Ambassador Degnan’s remarks to Media at Georgian Security Analysis Center

Question about the event

Ambassador Degnan:  The United States is very pleased to be able to support this initiative that is designed to bring together groups with different views to express and talk about their differences in a more civilized, mature fashion. This doesn’t mean that everyone in the end is going to have the same view, or that all disagreements will be resolved. It acknowledges that there are different perspectives in this country; but it is designed to provide a format for people all around the country to discuss their differences and find out what Georgians have in common.  We’ve already seen at today’s presentation that there is a very strong foundation of issues on which Georgians share the same values and share the same interests for the best interests of this country at this very important moment in Georgia’s history.  It’s a wonderful opportunity for Georgians to come together and take that next step forward toward their European future. That is the best path to the security and the prosperity that Georgians deserve, and it’s something that Georgians have been working toward for so long. That’s why the United States wanted to support this initiative, and we hope that it will be successful in bringing Georgians together to share their points and hear each other better.

Question about reactions to Senator Shaheen’s comments

Ambassador Degnan:  Well, from what I understand, no Georgian would use that kind of language against anyone.  I think it was completely inappropriate, and most Georgians recognize that. As to the proposal regarding the NGO restrictions, that sounded to me like something straight out of the Kremlin playbook. That’s what we see happening to NGOs in Russia. I don’t think that is what Georgia has been working for these past 30 years, to go back to that kind of oppression.  In fact, I think, at least from my experience, as I’ve been traveling around Georgia, I have seen really important work that’s being done by NGOs and civil society to help improve the lives of everyday citizens.  These groups are working to address environmental problems, working to provide legal aid to families in need. These are NGOs that are trying to help students, young people who are disadvantaged or disabled.  There are many different kinds of NGO groups and civil society groups that are made up of the people in the neighborhoods who want to address a problem and make this country and this society better for all Georgian citizens. That’s why we support Georgians who come together to form organizations like NGOs. It’s surprising to me sometimes because many of the Members of Parliament, including in the ruling party, worked in NGOs—they started out in NGOs—and contributed to Georgia’s growth and development through the good work of NGOs.  It’s a little bit confusing to me now to hear some of them criticizing the good work that NGOs are doing.  I would hate to see Georgia lose that strength, the voice that the people of Georgia have in their NGOs and their participation in civil society. It’s such an important part of a strong democracy and a strong Georgia.

Question about the European Parliamentary resolution and funding of NGOs via USG assistance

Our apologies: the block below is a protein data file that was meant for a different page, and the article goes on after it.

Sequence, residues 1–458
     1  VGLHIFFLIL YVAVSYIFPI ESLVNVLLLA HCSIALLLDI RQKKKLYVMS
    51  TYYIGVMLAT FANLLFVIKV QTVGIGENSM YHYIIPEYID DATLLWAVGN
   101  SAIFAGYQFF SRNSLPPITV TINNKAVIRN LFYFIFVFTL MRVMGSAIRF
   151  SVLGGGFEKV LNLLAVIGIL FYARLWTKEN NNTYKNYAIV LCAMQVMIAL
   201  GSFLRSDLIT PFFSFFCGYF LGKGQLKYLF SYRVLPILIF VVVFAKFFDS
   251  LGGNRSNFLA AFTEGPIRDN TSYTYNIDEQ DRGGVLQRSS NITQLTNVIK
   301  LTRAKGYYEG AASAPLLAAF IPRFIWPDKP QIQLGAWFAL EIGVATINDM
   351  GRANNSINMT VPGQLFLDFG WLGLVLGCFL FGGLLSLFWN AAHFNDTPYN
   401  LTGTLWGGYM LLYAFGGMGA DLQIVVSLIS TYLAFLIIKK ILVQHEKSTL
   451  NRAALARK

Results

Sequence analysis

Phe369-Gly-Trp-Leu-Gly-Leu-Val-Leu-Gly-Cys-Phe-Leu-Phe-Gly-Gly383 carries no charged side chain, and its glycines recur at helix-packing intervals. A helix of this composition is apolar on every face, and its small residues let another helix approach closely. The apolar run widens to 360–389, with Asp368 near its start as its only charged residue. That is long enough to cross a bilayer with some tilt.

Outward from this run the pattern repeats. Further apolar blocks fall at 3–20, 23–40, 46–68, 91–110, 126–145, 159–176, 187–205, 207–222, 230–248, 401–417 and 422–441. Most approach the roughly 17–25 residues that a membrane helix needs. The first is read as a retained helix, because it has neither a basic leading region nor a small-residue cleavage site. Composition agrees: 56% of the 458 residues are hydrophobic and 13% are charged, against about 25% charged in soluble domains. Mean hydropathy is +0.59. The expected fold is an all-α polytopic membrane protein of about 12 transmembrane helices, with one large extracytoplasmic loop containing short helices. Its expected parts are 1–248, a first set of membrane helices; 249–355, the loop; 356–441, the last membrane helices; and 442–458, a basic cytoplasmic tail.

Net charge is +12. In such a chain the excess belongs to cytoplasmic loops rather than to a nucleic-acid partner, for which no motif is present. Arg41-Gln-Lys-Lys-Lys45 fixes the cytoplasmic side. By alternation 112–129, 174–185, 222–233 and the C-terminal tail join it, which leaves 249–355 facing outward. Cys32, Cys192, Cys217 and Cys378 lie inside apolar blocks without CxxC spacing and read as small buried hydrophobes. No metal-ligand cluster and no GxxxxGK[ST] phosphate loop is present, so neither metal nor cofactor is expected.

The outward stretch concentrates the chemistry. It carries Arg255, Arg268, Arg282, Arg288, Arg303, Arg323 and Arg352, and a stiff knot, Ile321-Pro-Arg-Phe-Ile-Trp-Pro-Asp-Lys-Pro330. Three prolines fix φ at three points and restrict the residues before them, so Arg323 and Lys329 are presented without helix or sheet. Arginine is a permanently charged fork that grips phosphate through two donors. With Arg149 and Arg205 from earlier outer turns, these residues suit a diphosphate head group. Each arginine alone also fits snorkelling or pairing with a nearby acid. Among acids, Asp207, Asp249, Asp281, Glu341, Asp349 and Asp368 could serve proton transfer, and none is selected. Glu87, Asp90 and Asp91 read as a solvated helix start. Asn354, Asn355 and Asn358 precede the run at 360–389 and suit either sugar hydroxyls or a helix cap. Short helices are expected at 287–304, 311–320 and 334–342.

Ambassador Degnan:  The United States is not in the European Parliament, so we are not involved in drafting European Parliamentary resolutions or party resolutions. What the United States legislation does reflect is a real support for Georgia, and you can see that in the Georgia Support Act that the House of Representatives adopted earlier this year, and the Black Sea Security legislation that Senator Shaheen introduced in July. These are both very supportive of Georgia.  They’re supportive of Georgia’s security. They’re support supportive of Georgia’s economic development. That is what the United States Congress is focused on. The United States government is committed to Georgia’s security, its prosperity, its democratic development. That’s what we’ve been supporting for 30 years, because that is what the Georgian people have said they want.

As to the question regarding NGOs, I think you could ask any of the hazelnut farmers or the blueberry farmers or the dairy farmers, who have expanded their dairy herds or have been able to sell their milk and cheese in more markets, about the kind of support they’ve received from the United States. You could ask the students who go to the United States on our exchange programs, or the many different people who go to the United States on a variety of exchange programs. These are not through NGOs. Ask the Georgia Defense Forces that are working with the United States military, the Coast Guard, our border police, our law enforcement cooperation. These are not through NGOs. They’re largely through the government or directly with people. But we also do work, as I said, with some very good NGOs and civil society groups who are helping build a stronger Georgia, who are addressing issues at the grassroots level, the local level, at the national level to improve the quality of life, to create jobs and better environment for all the citizens of Georgia.  Our assistance for 30 years, and we have a very good track record, has gone to improve the quality of life of Georgians. That’s who we care about: the people of Georgia. We listen to what they say they want and need, and that’s how we determine where our assistance goes. We work with the government often, as often as we can, but we also work with others to make sure that we’re reaching into the corners of this country to help people realize their dreams and to support people in need.  That’s what we’ll continue to do.